Goya – The Shooting

From Goya’s late style all trace of gaiety has vanished, and all sensuous delight in lovely textures. Bitter resentment has made him a savage, ironic satirist. The subjects are macabre, nightmarish or cynically witty. The expressions are of fear, hatred, or mirth that is grotesque and leering. The most fantastic of these pictures are merely drawn or etched in dark gray or brown ink, sometimes with touches of lurid color. Bodies are gray smudges and streaks against black night, producing sunken, grimacing features and twisted limbs. El Greco’s late, distorted style is exaggerated, in flat, broad, extremely simplified strokes. Saturn Devouring his Children (763), typical of this period, is all in black and white except for a streak of red blood. The ghastly light reveals a striking pattern of legs and fists clutching the child’s small vertical body. Compared to these, the nightmares of Bosch (in the Escorial near Madrid), or those of Felicien Rops, are child’s play.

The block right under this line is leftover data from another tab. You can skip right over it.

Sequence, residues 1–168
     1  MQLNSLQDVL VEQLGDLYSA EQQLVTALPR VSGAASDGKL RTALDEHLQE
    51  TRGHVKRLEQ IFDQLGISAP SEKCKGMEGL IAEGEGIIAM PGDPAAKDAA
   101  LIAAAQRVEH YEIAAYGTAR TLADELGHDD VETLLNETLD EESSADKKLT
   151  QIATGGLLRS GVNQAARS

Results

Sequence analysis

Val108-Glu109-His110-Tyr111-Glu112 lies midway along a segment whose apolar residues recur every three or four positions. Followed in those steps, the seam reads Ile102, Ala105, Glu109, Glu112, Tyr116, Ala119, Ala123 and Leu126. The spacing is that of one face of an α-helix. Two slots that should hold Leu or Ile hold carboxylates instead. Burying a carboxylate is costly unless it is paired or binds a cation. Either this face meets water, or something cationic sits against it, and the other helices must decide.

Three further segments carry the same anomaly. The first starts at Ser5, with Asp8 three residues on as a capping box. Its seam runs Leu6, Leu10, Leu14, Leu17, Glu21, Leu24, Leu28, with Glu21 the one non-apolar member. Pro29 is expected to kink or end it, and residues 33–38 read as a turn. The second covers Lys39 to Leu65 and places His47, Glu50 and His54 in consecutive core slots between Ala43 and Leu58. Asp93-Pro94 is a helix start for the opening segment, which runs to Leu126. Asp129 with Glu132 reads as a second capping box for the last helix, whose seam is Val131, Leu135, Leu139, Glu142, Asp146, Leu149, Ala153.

The Shooting was made a few years earlier than most of these. It is less extreme in style, and a fully developed painting. Through being less obviously fantastic, it acquires an even greater power of stark, gripping terror. The colors are appropriate : drab grays and browns against a black, starless sky. It is lighted only by the glare of a lantern on a white shirt and a pool of crimson blood. There is no grace of line, or decorative pattern: only the contrast of one group killing and one being killed. The rhythm is jerky, stiff, staccato, of broad blunt limbs in V-shaped angles; of men on one side lunging in military unison, on the other in a mad confusion, sprawling, cowering, flinging out despairing arms, or clap-ping hands to eyes. A smudge of gray to show a mouth distorted, another to show one fallen open, a stubby clenched hand, two lines to show a sagging knee—each of these brief strokes tells the story of what is happening. This is terse illustration of the most economical and powerful kind. Inspiring it, and breathing through it, is passionate indignation at this event of 1808, and at what it stood for in the history of his country.